Bob Cleckler is a retired Chemical Engineer. In 1985 he read Jonathan Kozol's shocking new book, "Illiterate America." He decided to use his research skills as an engineer to see if there was a solution to the problem. He spent more than a year in his research. He read EVERY book he could find on the subject of his research. He read dozens of books from the large Marriott Research Library at the University of Utah. Based upon his findings, he developed a solution to the problem of English illiteracy. It is a PROVEN solution. Dr. Frank Laubach spent his entire adult life teaching adult illiterates around the world how to read in more than 300 alphabetic languages. Dr. Laubach proved that he could teach students, in 98% of the languages in which he taught, to read fluently in less than three months. His books, "Teaching the World to Read" and "Forty Years With the Silent Billion," never mention being unable to teach ANY of his students to read fluently.

Cleckler collaborated with Gary Sprunk, M.S. English Linguistics, to perfect his solution based upon Dr. Laubach's experience and findings. Two non-profit educational corporations were formed. Cleckler is the CEO of Literacy Research Associates, Inc. and Vice Pres. of R & D of NuEnglish, Inc. Gray Sprunk is President of NuEnglish, Inc. Cleckler's award-winning book, "Let's End Our Literacy Crisis," originally published in 2005 is now available on our website, http://LearnToReadNow.org, without cost or obligation for the Second Revision, released in late 2012. This breakthrough book covers:

A. the tremendous need for improving English literacy. Cleckler found research proving (1) that 48.7% of U.S. adults are functionally illiterate, defined as being unable to hold an above-poverty-level-wage job, (2) that 31.2% of these functional illiterates are in poverty, and (3) that they are more than twice as likely to be in poverty because of their illiteracy as for all other causes combined. Furthermore he found at least 34 types of serious physical, mental, emotional, medical, and financial problems that illiterates must endure every day of their lives that we would consider a crisis if we had to endure them. Cleckler also found that illiteracy costs EVERY U.S. adult -- readers and non-readers -- an average of more than $5,000 each year for government programs that illiterates use; for truancy, juvenile delinquency, and crime directly related to illiteracy; and for the higher cost of consumer goods due to illiterates in the labor pool and in the workforce.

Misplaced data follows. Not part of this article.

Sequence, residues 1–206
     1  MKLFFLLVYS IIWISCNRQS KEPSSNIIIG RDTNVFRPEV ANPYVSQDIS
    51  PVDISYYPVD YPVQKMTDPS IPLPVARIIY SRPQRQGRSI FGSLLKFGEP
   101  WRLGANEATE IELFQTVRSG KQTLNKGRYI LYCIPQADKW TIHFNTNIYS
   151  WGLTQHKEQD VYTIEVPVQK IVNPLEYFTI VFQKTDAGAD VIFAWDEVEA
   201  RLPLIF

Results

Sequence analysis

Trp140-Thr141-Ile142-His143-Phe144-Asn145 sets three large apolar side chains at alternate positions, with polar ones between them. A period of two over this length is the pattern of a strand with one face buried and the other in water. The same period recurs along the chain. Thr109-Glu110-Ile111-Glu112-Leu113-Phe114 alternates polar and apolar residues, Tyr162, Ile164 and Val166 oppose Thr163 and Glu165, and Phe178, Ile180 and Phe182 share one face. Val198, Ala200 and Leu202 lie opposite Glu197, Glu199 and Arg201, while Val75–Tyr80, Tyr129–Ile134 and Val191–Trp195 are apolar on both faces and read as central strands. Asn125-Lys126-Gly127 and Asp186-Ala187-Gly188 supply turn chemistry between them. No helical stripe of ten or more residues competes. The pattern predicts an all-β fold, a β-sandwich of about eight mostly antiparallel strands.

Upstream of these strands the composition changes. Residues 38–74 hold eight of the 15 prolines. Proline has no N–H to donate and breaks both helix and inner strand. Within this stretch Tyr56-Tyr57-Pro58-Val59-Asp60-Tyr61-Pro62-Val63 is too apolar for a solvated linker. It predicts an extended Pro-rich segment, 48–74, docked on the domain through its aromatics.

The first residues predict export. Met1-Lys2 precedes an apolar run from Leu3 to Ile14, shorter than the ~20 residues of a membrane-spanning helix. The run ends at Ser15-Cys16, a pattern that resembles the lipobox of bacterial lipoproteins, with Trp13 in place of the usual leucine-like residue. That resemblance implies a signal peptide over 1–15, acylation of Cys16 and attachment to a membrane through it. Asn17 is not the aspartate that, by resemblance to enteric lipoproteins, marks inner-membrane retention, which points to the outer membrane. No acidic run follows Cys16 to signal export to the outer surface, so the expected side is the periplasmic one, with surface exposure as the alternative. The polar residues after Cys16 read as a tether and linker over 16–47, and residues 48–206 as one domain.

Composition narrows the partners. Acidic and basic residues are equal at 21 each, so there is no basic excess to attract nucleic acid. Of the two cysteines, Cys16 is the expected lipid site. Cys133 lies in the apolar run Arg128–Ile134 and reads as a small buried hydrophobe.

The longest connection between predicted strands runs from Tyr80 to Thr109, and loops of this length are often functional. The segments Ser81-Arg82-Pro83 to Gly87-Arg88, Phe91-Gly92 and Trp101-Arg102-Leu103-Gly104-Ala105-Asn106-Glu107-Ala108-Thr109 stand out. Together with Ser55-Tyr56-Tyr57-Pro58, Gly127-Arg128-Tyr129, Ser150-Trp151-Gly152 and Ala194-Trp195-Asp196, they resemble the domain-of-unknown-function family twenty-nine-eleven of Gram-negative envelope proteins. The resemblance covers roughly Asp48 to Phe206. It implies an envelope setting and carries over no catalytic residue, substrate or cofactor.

B. the causes of illiteracy. Before any problem can be solved, you must find the cause. Otherwise you can spend huge amounts of money fighting the symptoms of the problem without preventing the problem from recurring.

C. the preferred, proven solution to the problem. We have been fighting the symptoms of the difficulty in learning to read English for almost a century. Although numerous changes in American education have been implemented in the last century, none of them solve the foundational cause of the problem. Almost half of U.S. students never become fluent readers, and most of the ones who do become fluent readers require at least two years to learn to read well enough to continue increasing their reading skills after third grade, when most reading instruction in school ends.